Jumanji: The Next Level’s desire to go beyond being a fun action-adventure, and have some form of emotional depth, makes its 2-hour run-length a drag.
|Directed By||Jake Kasdan|
|Written By||Jake Kasdan, Jeff Pinkner, Scott Rosenberg|
|Date Released (Theatrical)||12/12/2019|
|Genre(s)||Adventure, Action, Comedy|
|Made For Those Who Like||
|Dr. Bravestone||Dwayne Johnson|
|Alex (In Jumanji)||Nick Jonas|
|Franklin “Mouse” Finbar||Kevin Hart|
|Professor Shelly Oberon||Jack Black|
Plot Summary/ Review
With everyone splitting up after high school, it has made some, like Spencer, lose his sense of cool and validation, leading to him wanting to return to Jumanji. However, with him not becoming Dr. Bravestone but a whole new character, Ming, he is in deep trouble. So, luckily for him, his friends, Fridge, Martha, and Bethany, head back into the game, as well as Alex, to save him.
However, what he wasn’t expecting was his grandpa Eddie and his estranged friend Milo to join them too. Alongside their bickering after a 15-year gap caused by Milo forcing Eddie into retirement.
It Goes Big
Like your traditional, if not generic, sequel, Jumanji: The Next Level is bigger in terms of cast, the adventure, and threats to everyone’s life. Thus leading to grand visuals that do sometimes make you question what is real and what is special effects. Not always, but sometimes it really does leave you in awe.
On The Fence
It Overstays It’s Welcome
This is just a bloated film. Between the introduction of Milo and Eddie, and their drama, to Martha and Spencer’s issues, there is an attempt to make this film into something the actors can’t bolster. Making it so you increasingly feel annoyed as there is some attempt to make you care about these people who have no means to garner interest. And as much as the comical nature of Hart and Johnson try to drive you to be interested in the interpersonal drama, it doesn’t. You focus on their antics because they are funny, and it adds nothing to the attempt to develop Milo and Eddie, or remind you Martha and Spencer had a relationship.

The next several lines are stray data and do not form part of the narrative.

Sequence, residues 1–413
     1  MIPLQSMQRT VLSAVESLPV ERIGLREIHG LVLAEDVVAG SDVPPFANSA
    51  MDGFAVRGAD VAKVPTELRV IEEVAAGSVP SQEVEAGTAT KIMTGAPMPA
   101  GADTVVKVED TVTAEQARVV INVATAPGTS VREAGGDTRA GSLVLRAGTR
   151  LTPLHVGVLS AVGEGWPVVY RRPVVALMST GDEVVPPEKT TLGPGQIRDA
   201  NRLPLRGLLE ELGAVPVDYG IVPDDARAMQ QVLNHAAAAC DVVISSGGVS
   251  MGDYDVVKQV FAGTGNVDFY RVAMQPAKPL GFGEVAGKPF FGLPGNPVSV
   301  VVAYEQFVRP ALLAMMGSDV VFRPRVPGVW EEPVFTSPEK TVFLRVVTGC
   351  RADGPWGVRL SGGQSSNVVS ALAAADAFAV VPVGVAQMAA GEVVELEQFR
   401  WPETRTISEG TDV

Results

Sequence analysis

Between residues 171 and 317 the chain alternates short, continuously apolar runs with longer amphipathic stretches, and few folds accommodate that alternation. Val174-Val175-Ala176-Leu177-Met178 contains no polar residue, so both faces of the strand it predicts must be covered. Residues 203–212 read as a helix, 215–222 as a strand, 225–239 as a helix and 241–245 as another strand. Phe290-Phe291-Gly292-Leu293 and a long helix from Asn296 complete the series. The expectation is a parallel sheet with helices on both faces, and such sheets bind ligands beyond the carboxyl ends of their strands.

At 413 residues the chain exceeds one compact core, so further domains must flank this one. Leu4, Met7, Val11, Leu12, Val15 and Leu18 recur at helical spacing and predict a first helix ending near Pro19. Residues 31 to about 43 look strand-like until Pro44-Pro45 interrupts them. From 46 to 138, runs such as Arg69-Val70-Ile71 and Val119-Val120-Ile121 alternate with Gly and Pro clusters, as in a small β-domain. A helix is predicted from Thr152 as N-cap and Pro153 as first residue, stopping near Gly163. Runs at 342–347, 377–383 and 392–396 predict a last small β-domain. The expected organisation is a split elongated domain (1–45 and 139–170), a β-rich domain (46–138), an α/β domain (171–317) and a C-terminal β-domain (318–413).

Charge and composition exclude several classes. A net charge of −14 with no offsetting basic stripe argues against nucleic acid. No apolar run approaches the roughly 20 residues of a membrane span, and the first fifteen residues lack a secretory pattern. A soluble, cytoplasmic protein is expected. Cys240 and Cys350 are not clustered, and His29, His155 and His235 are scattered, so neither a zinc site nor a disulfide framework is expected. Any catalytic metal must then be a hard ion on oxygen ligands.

One that, since we rarely seem them in the flesh, doesn’t give you any real chance to gauge their chemistry, maybe fall for them as a couple or any of that. We just watch them as Ruby and whoever Spencer is at the time, avoid each other, or have lukewarm conversations about their relationship. The kind that pushes this idea that because Spencer is, technically, the male lead, he has to have a girlfriend, so by obligation, they have given him one without any enthusiasm behind it.
Then when you speak of Eddie and Milo, honestly, their storyline could have worked in its own separate film. However, it feels far too simplified in this movie to have any real emotional impact. And that is whether you are speaking to DeVito and Glover playing off one another, Hart and Johnson, or the other mixes that come about.
Making it so, ultimately, you have this grand adventure bogged down by the most boring people whose issues with one another suck the thrill out of the journey. I’d even submit they make Hart and Johnson work overtime to compensate. Which, even with their individual charisma, and chemistry as a duo, sometimes it doesn’t feel like enough.
To be honest, this was a bit disappointing. Mind you, it isn’t like we were over the moon about the first entry of the reboot. But I think they really drained the tank to its last bit of fumes and the new characters don’t bring anything major to justify this new entry.
Would Watch Again?
No, but I would watch the sequel this film sets up. Mostly due to wanting to finish what I started more than finding this to really be a franchise that should continue.
Rating: Mixed (Divisive)
If Jumanji aimed to be a mindless and fun action/adventure, I think it would be more enjoyable. However, with some desire to be deeper by giving us some teen drama, and that of two characters who are terribly introduced, Jumanji: The Next Level seems terribly confused. For one, all of the teens whose lives we’re supposed to care about, they are easily eclipsed by some of the biggest action and comedy stars of this generation.
Then, when it comes to DeVito and Glover, their storyline feels wasted, watered down, and thin. Making it so their introduction adds onto the issues of the franchise than becomes an additional asset, alongside the chemistry of Johnson and Hart.
Hence the mixed label. Personally, as much as we recognize character development is essential, this film makes it feel like an obligation more than an investment. And while that could be something you just roll your eyes about if the action was good, there aren’t much in the way of thrills here. For between a lack of feeling emotionally connected to no real belief someone will die permanently, there isn’t anything to gasp or fear about.
So as much as there is a desire to appreciate an attempt at not allowing Johnson and Hart to eclipse everyone, the execution is weak. Leaving Jumanji: The Next Level just barely entertaining action-wise, but most certainly, another example of why most films have no means to justify being 2 hours.
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